calculations showed that the highest frequency is basically due

to the valency oscillations of the C=0 group; the next highest

frequency is mainly determined by the oscillation of the C=C

group with highest binding energy, and so on. Agreement with

experimental results is satisfactory for the first two terms

of the series. The experimental data available at present are

not sufficient to draw definite conclusions concerning the other

terms.

Many other informative studies on the 2000 to 1400 cm.-1

region have been conducted. The above discussion was limited

to those works which were of interest in the present study.

For a more extensive bibliography on infrared studies a text

on that subject should be consulted. Bellamy (8) lists many

references at the end of each chapter in his text. Most of

the articles consulted in this study gave further references.

Although a great deal of work has been done on the

C=C stretching region of the infrared spectrum, it still holds

many unanswered questions. This present study was carried out

with the hope of elucidating some of these problems by illustrating

that C=C are not sensitive to mass effects above a mass of 12

and also to illustrate the relationship between the C=C stretching

frequency and the inductive effect of various substituents.














CHAPTER II

APPARATUS AND EXPERIMENTAL TECHNIQUE

Apparatus


A Perkin-Elmer Model 21 double-beam infrared recording

spectrophotometer was used in this research. This spectrophotometer

is normally equipped with a sodium chloride (NaCl) prism, but is

designed in such a way that the prism can' be changed. It was

decided to use the calcium fluoride (CaF2) prism, which has

better resolution than the NaCl prism in the range of this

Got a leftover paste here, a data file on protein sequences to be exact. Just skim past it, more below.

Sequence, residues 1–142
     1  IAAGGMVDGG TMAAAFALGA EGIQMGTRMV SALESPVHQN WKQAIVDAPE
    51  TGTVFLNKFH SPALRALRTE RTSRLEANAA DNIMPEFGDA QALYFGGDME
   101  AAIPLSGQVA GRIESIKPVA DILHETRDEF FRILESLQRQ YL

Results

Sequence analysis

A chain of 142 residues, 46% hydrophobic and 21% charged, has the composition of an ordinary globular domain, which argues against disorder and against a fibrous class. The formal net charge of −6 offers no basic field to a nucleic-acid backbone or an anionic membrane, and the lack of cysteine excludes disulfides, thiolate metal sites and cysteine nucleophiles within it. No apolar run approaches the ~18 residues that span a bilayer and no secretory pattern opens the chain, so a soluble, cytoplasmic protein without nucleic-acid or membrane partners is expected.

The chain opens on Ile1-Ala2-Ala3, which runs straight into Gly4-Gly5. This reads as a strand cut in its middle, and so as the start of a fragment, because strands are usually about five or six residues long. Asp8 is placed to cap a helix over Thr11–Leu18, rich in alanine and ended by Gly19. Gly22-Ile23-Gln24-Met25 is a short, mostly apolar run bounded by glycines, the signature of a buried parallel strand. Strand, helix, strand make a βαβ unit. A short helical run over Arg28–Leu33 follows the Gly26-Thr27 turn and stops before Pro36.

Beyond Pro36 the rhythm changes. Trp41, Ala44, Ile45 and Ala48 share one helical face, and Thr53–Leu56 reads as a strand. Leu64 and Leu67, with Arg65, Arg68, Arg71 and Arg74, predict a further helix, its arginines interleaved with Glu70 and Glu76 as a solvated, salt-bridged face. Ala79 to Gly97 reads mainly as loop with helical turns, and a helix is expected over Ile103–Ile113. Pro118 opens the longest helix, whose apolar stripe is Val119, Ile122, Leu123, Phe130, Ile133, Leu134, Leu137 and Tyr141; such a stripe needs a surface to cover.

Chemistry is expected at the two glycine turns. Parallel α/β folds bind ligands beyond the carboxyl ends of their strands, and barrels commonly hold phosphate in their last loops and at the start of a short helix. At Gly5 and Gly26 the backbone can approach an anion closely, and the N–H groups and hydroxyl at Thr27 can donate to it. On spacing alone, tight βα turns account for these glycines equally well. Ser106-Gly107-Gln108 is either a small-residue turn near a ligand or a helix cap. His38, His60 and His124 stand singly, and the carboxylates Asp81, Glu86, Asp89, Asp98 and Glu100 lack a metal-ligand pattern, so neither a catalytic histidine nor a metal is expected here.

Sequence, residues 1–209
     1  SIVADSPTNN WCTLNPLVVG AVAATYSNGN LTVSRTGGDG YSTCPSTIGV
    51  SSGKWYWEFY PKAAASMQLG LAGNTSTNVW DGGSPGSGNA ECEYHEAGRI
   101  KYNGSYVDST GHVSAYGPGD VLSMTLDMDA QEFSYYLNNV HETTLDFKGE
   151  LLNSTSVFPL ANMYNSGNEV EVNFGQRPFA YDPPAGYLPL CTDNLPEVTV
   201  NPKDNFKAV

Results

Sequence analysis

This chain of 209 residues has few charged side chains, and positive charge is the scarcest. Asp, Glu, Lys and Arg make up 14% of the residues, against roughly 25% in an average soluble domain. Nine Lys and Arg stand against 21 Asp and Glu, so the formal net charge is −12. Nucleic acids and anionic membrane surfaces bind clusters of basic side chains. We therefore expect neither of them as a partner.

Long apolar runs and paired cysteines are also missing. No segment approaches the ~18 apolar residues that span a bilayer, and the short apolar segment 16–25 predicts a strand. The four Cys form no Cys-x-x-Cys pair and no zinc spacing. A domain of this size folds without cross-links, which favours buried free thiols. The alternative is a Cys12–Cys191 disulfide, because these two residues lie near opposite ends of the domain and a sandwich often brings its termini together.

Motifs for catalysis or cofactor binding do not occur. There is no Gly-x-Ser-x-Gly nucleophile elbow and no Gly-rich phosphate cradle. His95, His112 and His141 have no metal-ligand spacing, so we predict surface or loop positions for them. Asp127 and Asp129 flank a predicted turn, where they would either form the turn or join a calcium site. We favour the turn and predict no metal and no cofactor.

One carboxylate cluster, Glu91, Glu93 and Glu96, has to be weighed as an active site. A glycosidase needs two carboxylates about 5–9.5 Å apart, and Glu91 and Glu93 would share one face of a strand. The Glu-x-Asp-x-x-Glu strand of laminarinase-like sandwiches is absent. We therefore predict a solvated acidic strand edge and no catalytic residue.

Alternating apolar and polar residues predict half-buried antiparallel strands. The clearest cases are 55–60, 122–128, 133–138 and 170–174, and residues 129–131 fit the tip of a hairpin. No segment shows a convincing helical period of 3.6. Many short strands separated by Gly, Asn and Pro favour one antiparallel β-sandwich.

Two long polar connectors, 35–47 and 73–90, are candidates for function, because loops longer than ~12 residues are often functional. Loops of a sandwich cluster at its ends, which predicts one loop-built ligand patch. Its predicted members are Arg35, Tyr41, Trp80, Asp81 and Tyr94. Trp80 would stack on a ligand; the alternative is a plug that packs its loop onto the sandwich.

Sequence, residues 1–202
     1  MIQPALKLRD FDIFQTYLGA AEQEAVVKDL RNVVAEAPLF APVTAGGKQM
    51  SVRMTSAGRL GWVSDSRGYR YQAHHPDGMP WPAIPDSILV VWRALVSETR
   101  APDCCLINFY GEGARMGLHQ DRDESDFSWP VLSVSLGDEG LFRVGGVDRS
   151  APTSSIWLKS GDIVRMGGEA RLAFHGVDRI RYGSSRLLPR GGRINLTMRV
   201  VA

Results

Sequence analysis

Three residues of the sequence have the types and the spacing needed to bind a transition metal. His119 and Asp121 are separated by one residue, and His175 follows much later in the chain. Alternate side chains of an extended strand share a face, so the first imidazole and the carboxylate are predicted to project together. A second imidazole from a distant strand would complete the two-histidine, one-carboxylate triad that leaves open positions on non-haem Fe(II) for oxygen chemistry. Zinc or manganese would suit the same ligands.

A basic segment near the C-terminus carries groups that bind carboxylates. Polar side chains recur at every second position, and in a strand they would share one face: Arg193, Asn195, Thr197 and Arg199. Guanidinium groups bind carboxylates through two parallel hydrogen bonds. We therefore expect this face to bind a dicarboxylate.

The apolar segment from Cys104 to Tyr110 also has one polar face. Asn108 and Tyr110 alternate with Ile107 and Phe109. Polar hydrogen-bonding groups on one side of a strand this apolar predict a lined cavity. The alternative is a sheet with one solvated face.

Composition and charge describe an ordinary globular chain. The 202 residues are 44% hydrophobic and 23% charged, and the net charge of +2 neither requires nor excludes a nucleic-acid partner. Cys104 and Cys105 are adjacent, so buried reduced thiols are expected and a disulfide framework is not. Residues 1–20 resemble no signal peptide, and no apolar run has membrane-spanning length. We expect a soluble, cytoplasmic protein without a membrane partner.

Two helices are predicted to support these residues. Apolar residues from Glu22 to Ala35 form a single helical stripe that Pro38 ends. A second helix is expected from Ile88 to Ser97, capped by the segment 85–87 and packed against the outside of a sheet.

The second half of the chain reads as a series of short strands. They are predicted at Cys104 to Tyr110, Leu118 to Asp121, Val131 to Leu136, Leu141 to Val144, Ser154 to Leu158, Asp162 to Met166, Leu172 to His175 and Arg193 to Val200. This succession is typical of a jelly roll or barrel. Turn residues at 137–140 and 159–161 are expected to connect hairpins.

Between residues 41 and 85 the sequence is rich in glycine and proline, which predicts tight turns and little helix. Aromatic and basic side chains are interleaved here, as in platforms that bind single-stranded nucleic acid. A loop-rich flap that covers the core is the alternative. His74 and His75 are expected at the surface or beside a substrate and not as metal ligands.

investigation. Figure 1 illustrates the difference in the

resolving power of the NaCl and CaF2 prisms.

The range of the spectrophotometer with the CaF2 prism

is from 5000 cm.-I to 1050 cm.-1. This study, however, was

concerned only with the C=C stretching region which lies between

2000 and 1400 cm.-.

For a more detailed description of the spectrophotometer

and the ranges and resolving power of the various prisms, the

manuals prepared by the Perkin-Elmer Corporation should be

consulted.

Whenever the prism of the spectrophotometer is changed

several calibrations must be made. These are also described in

the manuals which are supplied with the prism and its interchange

unit.










Frequency in cm.-I


1500


1800


Sodium Chloride


Calcium Fluoride


Figure l.--Comparison of Resolving Power of Calcium Fluoride and
Sodium Chloride Prisms Using CH2=CHF.


1800


1630


1630


1500


_ 1








Because the research was concerned only with the range

of 2000 cm.-I to 1400 cm.-1 and to increase the accuracy of the

recorded frequencies, changes were made in the procedure given

in the manual for calibration of the frequency. The bands

usually used for calibrating the CaF2 prism are the 1340 cm.-1

atmospheric H20 band at low frequencies, and the 3335 cm.1

NH3 band or the 3741 cm.-1 atmospheric H20 band at high frequencies.

Instead of employing the recommended frequencies, the atmospheric

H20 bands at 1870, 1773, and 1637 cm.-l were used for calibration

and resulted in a frequency accuracy of -1 cm.-1 over the range

of frequencies utilized in the research.

A frequent check was made of the frequency using the

1870, 1773, and 1637 cm.-1 atmospheric H20 bands. Since

frequency remained constant, no adjustment was needed until

the prism was changed.

The procedure followed for the zero setting of the

spectrophotometer was that prescribed in the manuals prepared

by the Perkin-Elmer Corporation. Before each spectrum was

determined, the zero setting was checked and was adjusted

whenever necessary.

The spectrophotometer instruction manual recommended a